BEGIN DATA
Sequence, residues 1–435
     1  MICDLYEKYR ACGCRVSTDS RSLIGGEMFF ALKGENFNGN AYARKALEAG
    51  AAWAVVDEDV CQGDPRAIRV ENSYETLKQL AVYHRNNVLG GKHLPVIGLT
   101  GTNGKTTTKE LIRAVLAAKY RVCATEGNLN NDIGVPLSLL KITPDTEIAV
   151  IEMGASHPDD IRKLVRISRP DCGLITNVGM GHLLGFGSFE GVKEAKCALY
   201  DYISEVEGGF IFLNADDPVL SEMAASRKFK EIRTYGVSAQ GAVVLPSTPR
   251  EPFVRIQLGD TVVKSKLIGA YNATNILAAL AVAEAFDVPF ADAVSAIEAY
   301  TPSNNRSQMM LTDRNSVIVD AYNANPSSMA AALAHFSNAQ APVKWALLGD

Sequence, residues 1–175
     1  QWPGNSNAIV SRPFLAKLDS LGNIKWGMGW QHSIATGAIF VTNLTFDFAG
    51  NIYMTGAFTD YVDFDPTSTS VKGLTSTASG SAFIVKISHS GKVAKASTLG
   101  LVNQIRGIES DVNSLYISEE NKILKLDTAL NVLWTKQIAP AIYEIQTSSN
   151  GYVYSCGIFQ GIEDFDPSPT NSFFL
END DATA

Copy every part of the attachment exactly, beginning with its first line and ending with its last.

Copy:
Sequence, residues 1–435
     1  MICDLYEKYR ACGCRVSTDS RSLIGGEMFF ALKGENFNGN AYARKALEAG
    51  AAWAVVDEDV CQGDPRAIRV ENSYETLKQL AVYHRNNVLG GKHLPVIGLT
   101  GTNGKTTTKE LIRAVLAAKY RVCATEGNLN NDIGVPLSLL KITPDTEIAV
   151  IEMGASHPDD IRKLVRISRP DCGLITNVGM GHLLGFGSFE GVKEAKCALY
   201  DYISEVEGGF IFLNADDPVL SEMAASRKFK EIRTYGVSAQ GAVVLPSTPR
   251  EPFVRIQLGD TVVKSKLIGA YNATNILAAL AVAEAFDVPF ADAVSAIEAY
   301  TPSNNRSQMM LTDRNSVIVD AYNANPSSMA AALAHFSNAQ APVKWALLGD

Sequence, residues 1–175
     1  QWPGNSNAIV SRPFLAKLDS LGNIKWGMGW QHSIATGAIF VTNLTFDFAG
    51  NIYMTGAFTD YVDFDPTSTS VKGLTSTASG SAFIVKISHS GKVAKASTLG
   101  LVNQIRGIES DVNSLYISEE NKILKLDTAL NVLWTKQIAP AIYEIQTSSN
   151  GYVYSCGIFQ GIEDFDPSPT NSFFL